U.K. stocks rose for a second day, extending a three-month high, as Greece and its international creditors agreed on the need to strengthen policy efforts.
Rio Tinto Group, the world’s third-largest mining company, jumped 2.6 percent. Marks & Spencer (MKS) Group Plc advanced 1.9 percent after a newspaper report that the retailer may attract a takeover bid. Centrica Plc (CNA) fell after Deutsche Bank AG cut its recommendation on the utility.
The FTSE 100 Index rose 21.49, or 0.4 percent to 5,808.77 at the close of trading in London, the highest level since May 1. The measure last week gained 2.8 percent, the biggest increase since the week ended June 8. The broader FTSE All-Share Index added 0.5 percent today, and Ireland’s ISEQ Index increased 0.9 percent.
“Over in Greece, developments between the country and its international lenders have been encouraging,” Ishaq Siddiqi, a market strategist at ETX Capital in London, wrote. “Overall, today has been rather quiet, with thinned summer trading volumes.”
The number of shares changing hands on the FTSE 100 (UKX) was 21 percent lower than the average of the past 30 days, according to Bloomberg data.
Greece and its international creditors agreed on the need to strengthen policy efforts and comply with its bailout terms after more than a week of meetings in Athens.
Representatives from the so-called troika of the European Commission, European Central Bank and International Monetary Fund met with Greek Finance Minister Yannis Stournaras in Athens yesterday. The talks will determine whether Greece continues receiving funds from the country’s 240 billion euros ($297 billion) of rescue packages.
“The week has got off to a very quiet start,” said Chris Beauchamp, a market analyst at IG Index in London. “After last week’s action-packed schedule, an eerie calm has descended on London markets, as investors pause for breath.”
Rio Tinto (RIO) gained 2.6 percent to 3,108 pence, contributing the most to the FTSE 100’s advance. Evraz Plc (EVR), a miner of iron ore and coal, gained 4.8 percent to 251 pence. The stock was removed from UBS AG’s least preferred list.
Marks & Spencer rose 1.9 percent to 347.7 pence, the highest since May 25. The U.K.’s largest clothing retailer has become the subject of takeover considerations, with banks in London studying the prospect of financing a private-equity bid, the Sunday Telegraph reported, without saying where it got the information. A spokeswoman for Marks & Spencer declined to comment.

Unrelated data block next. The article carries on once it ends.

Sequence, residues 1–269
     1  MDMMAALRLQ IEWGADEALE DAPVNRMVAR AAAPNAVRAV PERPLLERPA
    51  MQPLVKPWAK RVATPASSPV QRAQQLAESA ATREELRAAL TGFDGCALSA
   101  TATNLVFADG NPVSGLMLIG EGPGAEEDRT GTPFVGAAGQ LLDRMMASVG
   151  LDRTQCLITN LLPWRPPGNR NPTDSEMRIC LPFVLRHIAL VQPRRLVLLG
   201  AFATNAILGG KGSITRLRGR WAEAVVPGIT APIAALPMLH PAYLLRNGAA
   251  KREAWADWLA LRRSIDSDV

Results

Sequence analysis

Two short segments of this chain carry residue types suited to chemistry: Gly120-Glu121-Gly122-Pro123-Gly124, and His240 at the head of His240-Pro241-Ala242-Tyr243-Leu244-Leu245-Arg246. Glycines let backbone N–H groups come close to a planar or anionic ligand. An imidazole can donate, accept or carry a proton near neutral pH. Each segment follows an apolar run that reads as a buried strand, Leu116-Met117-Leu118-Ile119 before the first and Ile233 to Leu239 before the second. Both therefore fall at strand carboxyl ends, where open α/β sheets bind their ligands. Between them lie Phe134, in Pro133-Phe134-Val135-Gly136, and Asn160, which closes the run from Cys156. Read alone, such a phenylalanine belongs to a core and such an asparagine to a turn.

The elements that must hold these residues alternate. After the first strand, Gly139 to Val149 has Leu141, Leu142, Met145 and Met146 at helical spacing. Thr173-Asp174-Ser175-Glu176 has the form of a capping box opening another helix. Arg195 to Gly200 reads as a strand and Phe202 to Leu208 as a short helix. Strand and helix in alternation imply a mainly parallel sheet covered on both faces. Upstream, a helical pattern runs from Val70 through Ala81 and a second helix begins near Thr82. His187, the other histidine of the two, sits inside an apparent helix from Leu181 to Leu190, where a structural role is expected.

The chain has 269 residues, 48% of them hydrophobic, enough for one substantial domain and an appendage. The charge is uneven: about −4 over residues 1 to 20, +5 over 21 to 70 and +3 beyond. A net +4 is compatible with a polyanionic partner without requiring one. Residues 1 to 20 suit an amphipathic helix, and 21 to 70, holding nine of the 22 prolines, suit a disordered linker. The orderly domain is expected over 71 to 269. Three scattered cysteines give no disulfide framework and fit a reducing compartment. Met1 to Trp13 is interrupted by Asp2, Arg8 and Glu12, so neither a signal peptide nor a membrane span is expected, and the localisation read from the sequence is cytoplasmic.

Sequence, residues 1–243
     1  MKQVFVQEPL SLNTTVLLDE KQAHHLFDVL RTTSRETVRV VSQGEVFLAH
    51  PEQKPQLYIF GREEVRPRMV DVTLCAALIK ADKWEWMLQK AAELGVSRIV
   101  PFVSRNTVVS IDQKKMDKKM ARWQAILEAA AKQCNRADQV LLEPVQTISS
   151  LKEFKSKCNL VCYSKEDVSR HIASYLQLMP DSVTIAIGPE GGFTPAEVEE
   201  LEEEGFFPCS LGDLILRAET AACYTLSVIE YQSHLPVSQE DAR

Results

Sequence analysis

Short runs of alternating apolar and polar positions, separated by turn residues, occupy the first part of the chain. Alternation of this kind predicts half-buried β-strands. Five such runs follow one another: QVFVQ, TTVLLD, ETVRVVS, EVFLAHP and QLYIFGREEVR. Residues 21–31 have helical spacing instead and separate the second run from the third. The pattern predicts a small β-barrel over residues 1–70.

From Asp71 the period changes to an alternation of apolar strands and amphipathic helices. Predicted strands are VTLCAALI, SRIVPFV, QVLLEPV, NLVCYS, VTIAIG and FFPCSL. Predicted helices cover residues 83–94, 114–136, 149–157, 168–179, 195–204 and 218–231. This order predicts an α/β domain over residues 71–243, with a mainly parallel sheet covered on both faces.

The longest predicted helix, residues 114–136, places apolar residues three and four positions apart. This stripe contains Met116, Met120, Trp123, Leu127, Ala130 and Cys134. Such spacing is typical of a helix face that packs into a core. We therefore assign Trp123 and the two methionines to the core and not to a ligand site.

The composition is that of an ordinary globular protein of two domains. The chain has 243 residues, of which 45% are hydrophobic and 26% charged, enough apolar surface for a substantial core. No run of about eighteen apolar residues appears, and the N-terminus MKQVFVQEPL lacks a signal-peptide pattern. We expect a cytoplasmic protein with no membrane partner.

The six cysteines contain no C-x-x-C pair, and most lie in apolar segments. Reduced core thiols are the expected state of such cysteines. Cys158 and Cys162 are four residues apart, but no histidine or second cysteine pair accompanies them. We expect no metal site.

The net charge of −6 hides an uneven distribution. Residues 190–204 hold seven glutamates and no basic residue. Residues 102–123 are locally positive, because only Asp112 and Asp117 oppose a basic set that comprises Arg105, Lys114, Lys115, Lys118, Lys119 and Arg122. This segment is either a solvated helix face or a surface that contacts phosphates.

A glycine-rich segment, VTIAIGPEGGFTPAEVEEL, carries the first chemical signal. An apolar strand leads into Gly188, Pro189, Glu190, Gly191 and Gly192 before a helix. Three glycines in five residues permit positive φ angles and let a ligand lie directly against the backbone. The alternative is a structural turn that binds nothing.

Burberry Group Plc, the U.K.’s biggest luxury-goods company, rose 1.9 percent to 1,330 pence. Prada SpA, the Italian fashion company that owns the Miu Miu and Church’s brands, reported first-half sales that increased 37 percent, surpassing analyst estimates amid higher demand from Asian shoppers.
Telecity Group Plc (TCY) jumped 4.7 percent to 877.5 pence, the highest price since the company sold shares in 2007. The manager of Internet infrastructure reported second-quarter adjusted earnings per share that beat analyst estimates.
Catlin Group Ltd. (CGL) gained 2.6 percent to 443.3 pence. The Lloyd’s of London insurer joined rivals in swinging to a first- half profit on premium rate increases and this year’s lack of natural disasters. Pretax profit was $231 million in the six months to June 30, compared with a pretax loss of $201 million in the year-earlier period, the company said.
Trinity Mirror Plc (TNI), the U.K. publisher whose sales have declined every year since 2005, soared 14 percent to 42.75 pence. The shares have rallied 38 percent since Aug. 2, when the company said business in 2012 will be better than forecast.
Centrica, the biggest power and gas supplier to U.K. homes, slid 0.9 percent to 320.6 pence. Deutsche Bank cut its recommendation on the stock to hold from buy.
QinetiQ Group Plc (QQ/), the research company spun off from the U.K.’s Ministry of Defence in 2006, slipped 2.9 percent to 167 pence. The stock was cut to sell from neutral at Goldman Sachs Group Inc.
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